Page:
Multiple knowledges, what does it mean to us?
The IKM emergent programme is concerned with a number of issues but one of its central premises, and perhaps where it’s biggest added value resides, is the concept of multiple knowledges, and how to take them into account when developing IKM interventions.
On the first day of the annual IKM working groups’ meeting in Cambridge, working group 3 tried to unpack this core concept that will shape IKM Emergent work in the four-year period to come.
As a starting point, our group tried to make sense of signals we had sensed re: the concept of multiple knowledges, i.e. what we understood was the underlying idea behind and what it could mean for IKM Emergent’s work.
Random associations came to our mind: Power relations, power structures, multiple realities, world views i.e. between individuals, group knowledge, community of practice etc. Who is deciding what is knowledge or what is relevant knowledge?
Multiple knowledges, multiple worldviews, how to create space for them in development interventions and how to connect them?
Thanks to our ever inspired Valerie Brown, we continued our discussion based on a series of research activities in several hundreds of Western communities, which identified five different constructions of knowledge:
- Individual knowledge
- Local community knowledge
- Specialised knowledge
- Organisational knowledge (also related to political knowledge);
- Holistic knowledge
These constructs relate to learning styles and provide various systems of rating the relevance of knowledge sources.
From there we tried to identify key dimensions of knowledge which could influence one’s worldview (and as such would hint at the multiple knowledges we are concerned with):
- Gender (and its obvious two knowledges: male and female). We assumed that all other dimensions actually hold a greater variety of knowledges;
- Generation / age cohort;
- Religion / cosmovision (understood as dogmatic belief that really drives one’s vision, i.e. this may imply Marxism or other streams of thoughts erected as dogmas to follow);
- Social structure (relating to norms and values, e.g. Hofstede’s cultural differences of power distance, uncertainty-avoidance etc.);
- Organisational culture (the tacit culture of a given organized group of people);
- Functions (professional functions, providing a filter to use knowledge in a way or another);
We also parked different kinds of intelligence (emotional, mathematical) and ignorance as perhaps other angles of multiple knowledges. In the subsequent discussion with the larger group, others suggested to add:
- Systemic / system-wide knowledge
Each of these knowledges brings forth a discourse, a sense of roles/functions, specific constructions of reality and (very importantly) an evidence base by which it decides to qualify what is more important.
From there we evolved to defend an overall objective for IKM Emergent:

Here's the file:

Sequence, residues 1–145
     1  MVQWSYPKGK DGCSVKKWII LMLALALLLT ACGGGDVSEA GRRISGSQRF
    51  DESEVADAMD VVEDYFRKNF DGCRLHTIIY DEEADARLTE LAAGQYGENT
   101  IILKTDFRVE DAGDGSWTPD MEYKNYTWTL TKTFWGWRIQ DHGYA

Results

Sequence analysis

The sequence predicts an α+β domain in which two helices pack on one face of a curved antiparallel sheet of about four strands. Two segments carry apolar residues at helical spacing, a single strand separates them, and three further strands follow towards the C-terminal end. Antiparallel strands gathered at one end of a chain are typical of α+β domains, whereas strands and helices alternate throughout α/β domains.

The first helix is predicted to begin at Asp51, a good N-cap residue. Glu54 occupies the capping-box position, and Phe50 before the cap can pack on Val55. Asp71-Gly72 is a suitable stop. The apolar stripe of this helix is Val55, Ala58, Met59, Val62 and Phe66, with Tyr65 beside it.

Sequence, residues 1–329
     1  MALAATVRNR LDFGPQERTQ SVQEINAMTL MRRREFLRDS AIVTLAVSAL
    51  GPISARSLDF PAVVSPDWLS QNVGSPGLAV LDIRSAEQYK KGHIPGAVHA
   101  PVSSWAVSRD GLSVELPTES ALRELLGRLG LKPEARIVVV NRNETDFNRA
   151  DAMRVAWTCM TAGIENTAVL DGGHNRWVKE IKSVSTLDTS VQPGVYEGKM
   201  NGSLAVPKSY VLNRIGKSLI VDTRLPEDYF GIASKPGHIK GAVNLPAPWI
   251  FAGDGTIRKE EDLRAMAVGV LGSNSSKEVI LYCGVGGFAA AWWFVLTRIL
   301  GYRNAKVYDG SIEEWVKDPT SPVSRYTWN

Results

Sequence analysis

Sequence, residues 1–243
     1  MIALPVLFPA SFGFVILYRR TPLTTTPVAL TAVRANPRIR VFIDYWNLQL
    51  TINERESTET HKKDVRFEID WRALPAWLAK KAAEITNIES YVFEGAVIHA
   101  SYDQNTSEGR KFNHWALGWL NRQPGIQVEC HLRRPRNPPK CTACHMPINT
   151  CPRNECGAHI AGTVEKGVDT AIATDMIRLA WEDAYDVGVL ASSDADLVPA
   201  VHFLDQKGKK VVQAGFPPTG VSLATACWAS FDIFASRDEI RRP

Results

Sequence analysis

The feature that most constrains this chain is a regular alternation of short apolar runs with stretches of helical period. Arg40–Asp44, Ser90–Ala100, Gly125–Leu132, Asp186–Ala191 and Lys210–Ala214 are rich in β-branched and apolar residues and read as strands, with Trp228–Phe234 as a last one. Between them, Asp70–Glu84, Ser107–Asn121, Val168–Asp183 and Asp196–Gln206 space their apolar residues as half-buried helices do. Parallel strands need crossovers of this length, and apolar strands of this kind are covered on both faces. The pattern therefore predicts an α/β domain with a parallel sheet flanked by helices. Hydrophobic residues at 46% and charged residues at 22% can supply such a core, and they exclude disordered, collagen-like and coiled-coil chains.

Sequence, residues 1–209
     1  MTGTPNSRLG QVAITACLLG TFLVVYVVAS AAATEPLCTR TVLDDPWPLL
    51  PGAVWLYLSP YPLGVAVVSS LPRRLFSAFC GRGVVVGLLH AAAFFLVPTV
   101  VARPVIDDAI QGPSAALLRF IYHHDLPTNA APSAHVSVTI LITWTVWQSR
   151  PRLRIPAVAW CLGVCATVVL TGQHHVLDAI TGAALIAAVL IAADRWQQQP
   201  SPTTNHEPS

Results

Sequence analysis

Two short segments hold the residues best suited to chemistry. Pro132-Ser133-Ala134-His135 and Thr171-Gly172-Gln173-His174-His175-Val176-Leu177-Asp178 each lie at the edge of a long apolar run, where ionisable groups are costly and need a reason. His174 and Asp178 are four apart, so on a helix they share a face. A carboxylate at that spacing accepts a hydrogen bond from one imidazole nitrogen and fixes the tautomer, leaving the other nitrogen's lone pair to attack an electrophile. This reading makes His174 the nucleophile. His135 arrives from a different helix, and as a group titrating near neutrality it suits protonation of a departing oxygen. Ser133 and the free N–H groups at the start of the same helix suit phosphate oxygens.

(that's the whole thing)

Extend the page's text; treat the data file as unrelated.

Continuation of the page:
The programme aims at promoting inclusion of various worldviews in KM and learning activities. IKM Emergent should therefore help understand how to appreciate each knowledge, how to avoid the dominance of any of them, and from raising awareness on these knowledges, how to establish bridges (how to develop a common language) to be able to cooperate. Personally I would add here that we should use this understanding of multiple knowledges and dimensions of knowledge to facilitate joint identification, implementation and evaluation of development interventions.
And here is your golden week slum tip: multiple knowledges is all about encouraging the marginalised (whatever avenue they come from) to have a say in decisions and activities that concern their well-being in development interventions. Another anagram with multiple knowledges could have been: “nudge melt silo, kewl!” (only ending with the letter P and not knowing what to do with it ;).
This work from working group 3 has further implications on the work of the other two groups: it relates to the concept of translation that group 1 is exploring, and it relates to web 2.0 (most likely one of Group 3’s hobby horses) as in a technological set of bridge materials to connect actors and allow worldviews to be shared around.
A member from the other sub-group asked: are these dimensions a grid or a tag cloud? We replied: they are both, though at this stage rather a cloud that relates to our various identities to varying degrees. We are all concerned with gender, religion, function, organisational culture, but each of us with their personal quirky individual degree… What matters is that we recognise the common denominators and are ready to pay attention to them when we design, carry out and evaluate development interventions.
From the magnificent campus of Cambridge, chaos is in full swing, complexity displays, emergence is happening, convergence to follow?